When I say "incremental," I mean quick, definite increments. Not a long slow decline, but steeper, fairly fast, and fraught with the cliffs of banking freezes, war, grid shutdowns, food scarcity due to transportation shutdowns, rioting & martial law. I can't see rioting in the US being widespread. the first few riots will be met with a very heavy hand and the images of police quelling the action promptly will be splashed all over every media outlet. I bet DHS and the police are itching to try out their new gear!

The US is treading a narrow steep narrow trail, with Russia's goad at our backs. But Russia and China don't want the US and the West to completely collapse, which would not be in their best interest. They want and need a stable world economy. They want the west to lose the wealth and power to them. They want to see the west's standard of living decline while theirs rises.

But these sociopathic, power-lusting, greedy, central bankers have created an untenable monetary system that is failing the citizens of the world. Their plan, the IMF Code of Reforms that will create the SDRs--the new international world reserve currency, their plan may stabilize things for a while, but the foundation is still in need of great repairs. Indeed, the waves are undermining it as I type. I am NOT convinced that greedy IMF-led bankers will man-up and do what is needed to create real stability. As I understand it, the SDR will be 25% backed by gold. Will that be sufficient to stabilize the 50% backing of fiat? Or is this like Nebuchadnezzar's statue with feet made partly of iron and partly of clay.

I have noticed that in spite of their high intelligence and shrewdness, sociopaths do not show extended foresight.

Well that's my theory. A quick steady decline (6 months to a year after the petrodollar is broken) with many risks that could bring on a fast collapse. I am hoping that this thread might test this theory with a sensible rationale and evidence. I am also wondering if Turdville readers actually have some kind of consensus.

By the way, My wife's sister is married to a City of Phoenix policeman--25 year veteran of the force. He and his comrades have been trained to deal with rioting recently. He had ridiculed his wife for a couple of years about her conspiracy theories and prepping, but a year ago he told her to "keep prepping." For her birthday last week, he bought her a pink assault rifle and encouraged her to use it if needed.

By the other way, I think my efforts to build cheap solar panels have been successful. The beta tests have been positive. I'll share more in a later post. The quick report is that my concerns were overblown and it was much easier to solder the cells together than I expected. However, paying .25-1.50 per watt for solar capacity may be the better alternative.

Buy gold my friends, it may become scarce before we know it.

About the Author

  123 Comments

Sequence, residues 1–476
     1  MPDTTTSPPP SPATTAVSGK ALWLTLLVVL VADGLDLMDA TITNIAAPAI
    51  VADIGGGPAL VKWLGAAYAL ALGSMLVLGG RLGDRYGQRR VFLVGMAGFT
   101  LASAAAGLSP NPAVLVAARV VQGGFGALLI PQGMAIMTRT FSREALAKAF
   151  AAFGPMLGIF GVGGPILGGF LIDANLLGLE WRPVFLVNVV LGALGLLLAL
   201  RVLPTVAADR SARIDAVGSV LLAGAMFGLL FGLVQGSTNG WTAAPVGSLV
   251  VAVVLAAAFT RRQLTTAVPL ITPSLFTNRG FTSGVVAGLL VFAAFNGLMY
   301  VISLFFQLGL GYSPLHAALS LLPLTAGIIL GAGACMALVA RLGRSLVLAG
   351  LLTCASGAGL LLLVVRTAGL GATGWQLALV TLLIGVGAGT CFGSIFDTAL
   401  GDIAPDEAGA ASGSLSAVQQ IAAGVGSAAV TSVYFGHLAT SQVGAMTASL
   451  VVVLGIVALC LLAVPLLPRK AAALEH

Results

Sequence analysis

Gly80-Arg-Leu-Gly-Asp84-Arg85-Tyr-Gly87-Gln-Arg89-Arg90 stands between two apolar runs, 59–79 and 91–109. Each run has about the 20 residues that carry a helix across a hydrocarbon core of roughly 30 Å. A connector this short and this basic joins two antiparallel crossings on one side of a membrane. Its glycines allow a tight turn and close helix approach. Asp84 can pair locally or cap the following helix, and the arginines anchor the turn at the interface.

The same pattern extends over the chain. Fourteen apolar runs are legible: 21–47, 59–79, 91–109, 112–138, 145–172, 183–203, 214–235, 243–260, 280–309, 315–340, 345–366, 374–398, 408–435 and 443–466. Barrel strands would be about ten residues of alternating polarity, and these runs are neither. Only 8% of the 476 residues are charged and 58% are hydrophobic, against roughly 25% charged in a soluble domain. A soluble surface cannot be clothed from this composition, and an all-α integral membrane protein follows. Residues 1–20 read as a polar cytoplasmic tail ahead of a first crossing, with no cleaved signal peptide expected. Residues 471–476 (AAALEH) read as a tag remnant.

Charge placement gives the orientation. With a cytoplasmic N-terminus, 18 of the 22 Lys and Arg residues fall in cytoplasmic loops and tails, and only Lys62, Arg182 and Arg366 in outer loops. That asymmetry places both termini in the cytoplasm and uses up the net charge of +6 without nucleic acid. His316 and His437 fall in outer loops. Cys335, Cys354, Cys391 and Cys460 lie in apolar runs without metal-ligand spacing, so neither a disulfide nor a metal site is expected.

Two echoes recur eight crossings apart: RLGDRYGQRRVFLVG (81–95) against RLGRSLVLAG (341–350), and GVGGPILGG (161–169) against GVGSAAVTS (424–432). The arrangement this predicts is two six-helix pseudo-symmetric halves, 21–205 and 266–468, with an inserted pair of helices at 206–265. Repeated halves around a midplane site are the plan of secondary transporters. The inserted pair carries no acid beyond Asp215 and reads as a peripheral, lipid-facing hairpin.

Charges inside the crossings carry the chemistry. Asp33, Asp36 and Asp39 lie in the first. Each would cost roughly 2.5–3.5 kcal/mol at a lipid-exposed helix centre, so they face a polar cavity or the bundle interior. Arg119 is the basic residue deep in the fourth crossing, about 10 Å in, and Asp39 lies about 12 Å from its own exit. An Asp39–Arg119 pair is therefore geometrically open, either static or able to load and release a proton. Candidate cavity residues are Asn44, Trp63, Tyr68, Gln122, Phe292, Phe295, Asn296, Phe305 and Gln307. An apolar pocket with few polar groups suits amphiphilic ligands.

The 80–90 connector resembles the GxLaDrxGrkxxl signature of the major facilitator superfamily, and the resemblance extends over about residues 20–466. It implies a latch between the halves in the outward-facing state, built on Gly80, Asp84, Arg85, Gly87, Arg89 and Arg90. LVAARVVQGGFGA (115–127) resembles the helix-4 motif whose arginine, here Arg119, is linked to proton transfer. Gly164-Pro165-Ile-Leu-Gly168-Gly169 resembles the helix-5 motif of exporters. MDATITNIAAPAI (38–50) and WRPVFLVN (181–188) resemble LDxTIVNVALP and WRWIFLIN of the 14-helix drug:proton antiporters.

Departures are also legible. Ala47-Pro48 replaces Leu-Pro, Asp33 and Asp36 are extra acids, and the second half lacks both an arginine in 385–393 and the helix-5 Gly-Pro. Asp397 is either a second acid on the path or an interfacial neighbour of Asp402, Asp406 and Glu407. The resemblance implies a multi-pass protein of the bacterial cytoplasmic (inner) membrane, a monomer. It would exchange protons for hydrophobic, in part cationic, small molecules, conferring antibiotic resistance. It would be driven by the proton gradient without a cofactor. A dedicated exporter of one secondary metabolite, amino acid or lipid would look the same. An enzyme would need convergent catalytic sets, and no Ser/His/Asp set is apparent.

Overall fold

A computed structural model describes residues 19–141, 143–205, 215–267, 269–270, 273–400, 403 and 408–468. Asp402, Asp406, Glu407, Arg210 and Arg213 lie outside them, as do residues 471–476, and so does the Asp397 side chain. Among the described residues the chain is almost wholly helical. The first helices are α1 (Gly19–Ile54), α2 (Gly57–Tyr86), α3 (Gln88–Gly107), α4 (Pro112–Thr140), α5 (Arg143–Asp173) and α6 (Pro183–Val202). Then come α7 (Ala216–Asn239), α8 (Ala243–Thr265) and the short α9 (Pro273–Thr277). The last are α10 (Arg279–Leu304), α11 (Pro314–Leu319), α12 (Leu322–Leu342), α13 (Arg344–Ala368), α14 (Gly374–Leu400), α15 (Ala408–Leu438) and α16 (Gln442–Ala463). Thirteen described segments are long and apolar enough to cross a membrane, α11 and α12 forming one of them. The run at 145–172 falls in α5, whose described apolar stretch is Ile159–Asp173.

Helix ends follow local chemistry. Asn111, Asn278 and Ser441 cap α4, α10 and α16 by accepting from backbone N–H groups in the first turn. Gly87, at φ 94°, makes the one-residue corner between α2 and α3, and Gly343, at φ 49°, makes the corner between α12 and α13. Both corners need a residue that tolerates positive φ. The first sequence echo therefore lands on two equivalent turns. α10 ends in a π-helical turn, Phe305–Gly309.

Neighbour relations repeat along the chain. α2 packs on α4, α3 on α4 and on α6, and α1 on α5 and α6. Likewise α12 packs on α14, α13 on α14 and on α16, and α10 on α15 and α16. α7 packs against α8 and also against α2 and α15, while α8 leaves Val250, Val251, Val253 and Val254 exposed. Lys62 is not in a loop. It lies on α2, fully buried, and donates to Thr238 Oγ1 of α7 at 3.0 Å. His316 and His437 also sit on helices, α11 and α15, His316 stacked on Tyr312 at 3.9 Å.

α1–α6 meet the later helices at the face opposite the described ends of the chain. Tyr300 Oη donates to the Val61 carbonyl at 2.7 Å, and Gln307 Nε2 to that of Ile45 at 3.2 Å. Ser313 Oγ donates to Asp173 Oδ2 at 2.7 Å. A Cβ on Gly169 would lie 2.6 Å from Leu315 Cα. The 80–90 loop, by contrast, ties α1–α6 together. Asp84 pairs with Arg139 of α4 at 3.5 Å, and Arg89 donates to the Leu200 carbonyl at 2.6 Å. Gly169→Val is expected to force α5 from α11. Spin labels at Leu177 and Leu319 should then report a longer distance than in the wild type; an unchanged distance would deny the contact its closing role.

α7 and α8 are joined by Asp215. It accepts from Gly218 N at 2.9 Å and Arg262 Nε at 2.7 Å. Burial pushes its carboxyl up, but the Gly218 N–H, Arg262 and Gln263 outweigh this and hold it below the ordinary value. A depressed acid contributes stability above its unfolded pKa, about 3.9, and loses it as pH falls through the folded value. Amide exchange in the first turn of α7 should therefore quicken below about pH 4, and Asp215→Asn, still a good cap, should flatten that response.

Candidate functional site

4 oz
Mar 24, 2014 - 10:35am

Nope

Wasn't gonna say it---even had I been.

Urban Roman
Mar 24, 2014 - 10:38am

Two ways,

Gradually and then all at once.

(now I shall read the article)

DeaconBenjamin
Mar 24, 2014 - 10:39am

James Rickards-Dollar Going to Collapse 80% or 90% or More

James Rickards-Dollar Going to Collapse 80% or 90% or More
DeaconBenjamin
Mar 24, 2014 - 10:40am

British teenager and boyfriend 'take own lives' after US police

Alex Hollinghurst, 17, and Brandon Goode, 18, suspected of shooting dead police officer before killing themselves in Florida

The bodies of Alex Hollinghurst (above) and Brandon Goode were discovered after police officer Robert German was shot dead nearby by a man and a woman.

A British teenager and her American boyfriend are suspected of having shot dead a policeman before killing themselves, police in Florida have said.

Alex Hollinghurst, 17, and Brandon Goode, 18, were both found dead on Saturday having apparently taken their own lives, according to the Orange County sheriff's office. Their bodies were discovered after a 31-year-old police officer, Robert German, was shot dead nearby by a man and a woman.

Sheriff Jerry Demings said that German stopped the pair in the early hours of the morning and called for backup. When colleagues arrived, they found German, who had been shot, and was pronounced dead soon afterwards.

Both Goode and Hollinghurst were later found dead in brush, the Orlando Sentinel reported.

https://www.theguardian.com/world/2014/mar/24/british-teenager-boyfriend...

silver66
Mar 24, 2014 - 10:40am

ffffourth!!

I shall do the same as Urban Roman

silver66

Edit: I plead the fifth

metalsbyamile
Mar 24, 2014 - 10:40am

1st

at bat.

Good article to stimualte thinking. I'm of the opinion although a slow steady decline, the USD is definitely key. The Petro $ is finished as the dominant currency, yet I see 3 taking world stage,Euro, Yuan, and the USD.

Gold will have its ebbs and flows with silver taking a back seat but if roller coaster rides are your forte my belief is silver will give you the tilt- a- whirl experience alright.The moves should be exciting but i would not 'stack' my wealth on it.